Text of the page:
THE DCCC OWES PAUL RYAN A THANK-YOU NOTE…. When Rep. Chris Lee (R) resigned in disgrace in February, few expected his seat to change party hands. His Buffalo-area district has been represented by Republicans for a long while, and national Democrats didn’t expect the special election to replace Lee to be competitive at all.
In March, the New York GOP rallied behind Jane Corwin, a well-liked state assemblywoman, and the race in the 26th congressional district appeared to be largely over.
And then a Siena College poll was published, showing Corwin’s lead at just five points over Democrat Kathy Hochul. What happened?
Part of the competitiveness is the result of Jack Davis, an odd millionaire, running as an independent and splitting the right. And the other part is Paul Ryan’s House Republican budget plan.
After leveling a barrage of attacks against the proposal put forth by Mr. Ryan, the Democratic candidate, Kathy Hochul, has tightened the race considerably, even as her Republican opponent remained supportive of the plan, perhaps out of concern that distancing herself from it would alienate conservatives.
The shifting dynamics of the race, which have emboldened top Democrats and their allies, underscore the intense reaction to Mr. Ryan’s proposal, the centerpiece of a budget that House Republicans voted to approve in April to address the nation’s long-term financial problems. […]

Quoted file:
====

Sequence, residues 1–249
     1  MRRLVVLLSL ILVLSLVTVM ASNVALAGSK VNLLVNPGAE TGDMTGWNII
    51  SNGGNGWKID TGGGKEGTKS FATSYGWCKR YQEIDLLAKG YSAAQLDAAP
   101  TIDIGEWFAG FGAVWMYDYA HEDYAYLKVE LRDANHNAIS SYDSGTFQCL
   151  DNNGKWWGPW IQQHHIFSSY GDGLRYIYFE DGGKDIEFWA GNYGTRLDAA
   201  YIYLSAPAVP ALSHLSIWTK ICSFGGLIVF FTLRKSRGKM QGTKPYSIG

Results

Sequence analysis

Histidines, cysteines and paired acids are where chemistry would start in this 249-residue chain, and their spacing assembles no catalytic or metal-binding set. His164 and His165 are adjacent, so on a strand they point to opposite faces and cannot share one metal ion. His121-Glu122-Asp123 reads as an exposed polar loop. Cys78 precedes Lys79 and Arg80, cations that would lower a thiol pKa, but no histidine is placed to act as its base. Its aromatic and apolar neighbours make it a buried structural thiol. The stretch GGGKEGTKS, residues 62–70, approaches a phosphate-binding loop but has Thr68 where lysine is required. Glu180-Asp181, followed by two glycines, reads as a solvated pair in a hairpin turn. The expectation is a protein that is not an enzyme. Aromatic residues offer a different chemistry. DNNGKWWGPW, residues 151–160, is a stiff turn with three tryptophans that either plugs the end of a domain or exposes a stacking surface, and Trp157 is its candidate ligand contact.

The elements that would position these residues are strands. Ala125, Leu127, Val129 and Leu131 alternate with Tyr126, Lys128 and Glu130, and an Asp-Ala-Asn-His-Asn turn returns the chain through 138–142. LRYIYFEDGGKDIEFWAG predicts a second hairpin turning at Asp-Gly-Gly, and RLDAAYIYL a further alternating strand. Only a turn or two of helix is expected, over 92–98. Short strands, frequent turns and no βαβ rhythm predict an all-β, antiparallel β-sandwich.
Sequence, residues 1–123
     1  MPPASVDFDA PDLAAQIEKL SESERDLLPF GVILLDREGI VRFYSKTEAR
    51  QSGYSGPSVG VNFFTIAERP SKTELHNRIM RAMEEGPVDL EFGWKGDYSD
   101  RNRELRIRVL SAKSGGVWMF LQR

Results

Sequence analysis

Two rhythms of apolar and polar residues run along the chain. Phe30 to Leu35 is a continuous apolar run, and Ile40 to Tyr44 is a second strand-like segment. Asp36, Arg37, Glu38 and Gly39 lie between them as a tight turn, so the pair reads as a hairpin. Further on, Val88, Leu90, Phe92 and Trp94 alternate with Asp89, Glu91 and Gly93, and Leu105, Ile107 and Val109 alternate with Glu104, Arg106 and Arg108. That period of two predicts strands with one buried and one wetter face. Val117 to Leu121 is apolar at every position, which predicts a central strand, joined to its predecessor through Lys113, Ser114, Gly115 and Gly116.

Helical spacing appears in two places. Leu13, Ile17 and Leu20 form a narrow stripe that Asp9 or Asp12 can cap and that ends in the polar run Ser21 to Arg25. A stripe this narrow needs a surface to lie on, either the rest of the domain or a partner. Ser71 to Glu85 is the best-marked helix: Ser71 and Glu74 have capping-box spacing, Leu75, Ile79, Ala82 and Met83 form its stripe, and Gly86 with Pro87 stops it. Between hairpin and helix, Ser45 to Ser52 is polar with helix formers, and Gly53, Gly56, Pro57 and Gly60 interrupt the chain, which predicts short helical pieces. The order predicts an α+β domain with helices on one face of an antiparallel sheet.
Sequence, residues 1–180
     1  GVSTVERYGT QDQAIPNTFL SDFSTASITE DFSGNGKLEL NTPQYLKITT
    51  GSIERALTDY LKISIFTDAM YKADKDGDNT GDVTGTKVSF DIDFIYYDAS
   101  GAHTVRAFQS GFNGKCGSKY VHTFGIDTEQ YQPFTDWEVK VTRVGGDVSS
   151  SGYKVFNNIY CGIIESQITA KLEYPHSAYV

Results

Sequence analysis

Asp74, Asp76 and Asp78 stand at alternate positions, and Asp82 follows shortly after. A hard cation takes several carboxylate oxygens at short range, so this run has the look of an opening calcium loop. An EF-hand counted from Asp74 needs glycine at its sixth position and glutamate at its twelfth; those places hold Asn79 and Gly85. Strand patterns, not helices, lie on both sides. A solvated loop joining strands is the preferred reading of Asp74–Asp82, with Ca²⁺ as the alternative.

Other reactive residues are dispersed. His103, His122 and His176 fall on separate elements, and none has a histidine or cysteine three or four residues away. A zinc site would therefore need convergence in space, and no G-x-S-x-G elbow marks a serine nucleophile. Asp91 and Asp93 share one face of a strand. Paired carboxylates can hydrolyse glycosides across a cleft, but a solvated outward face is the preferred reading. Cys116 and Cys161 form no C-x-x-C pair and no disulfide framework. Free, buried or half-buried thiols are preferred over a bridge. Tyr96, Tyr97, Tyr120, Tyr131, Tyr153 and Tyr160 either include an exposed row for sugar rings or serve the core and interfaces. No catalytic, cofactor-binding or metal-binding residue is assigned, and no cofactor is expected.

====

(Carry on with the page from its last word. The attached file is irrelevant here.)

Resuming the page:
“The Republican vote to end Medicare has moved the needle in this race,” said Representative Steve Israel of Long Island, the chairman of the Democratic Congressional Campaign Committee. “The Republican should be running away with this. Instead, she is clinging to a minuscule lead.”
At this point, the best the Republican campaign can come up with is the charge that Democrats “are trying to scare seniors.” But that’s awfully weak — it’s not demagoguery if it’s true, and if accurate descriptions of the GOP plan end up scaring people, that’s certainly not Democrats’ fault.
Marsha Sherris, 61, a real estate broker in the district, seems to epitomize the challenge for Ms. Corwin. A registered Republican, Ms. Sherris said that she was troubled about the Republican Medicare proposal and that it might ultimately influence her vote in the special election.
“Maybe I would go Democrat,” Ms. Sherris said on Main Street in Williamsville. “We have to worry about the seniors. They are the ones who supported this country all this time.”
The special election is in about three weeks, and Republicans are scrambling to salvage a win. Given their efforts and the district’s traditional leanings, the GOP might very well hang on. Time will tell.
But the larger point is how nervous this should make the rest of the Republican Party — especially those vulnerable GOP House members who are worried about re-election in 2012. There are 60 House Republicans who represent districts President Obama won in 2008, and 59 of them voted for Ryan’s budget plan and all that it entails.
If Corwin is struggling in a GOP stronghold, how optimistic are they about following their leadership off the right—wing cliff?
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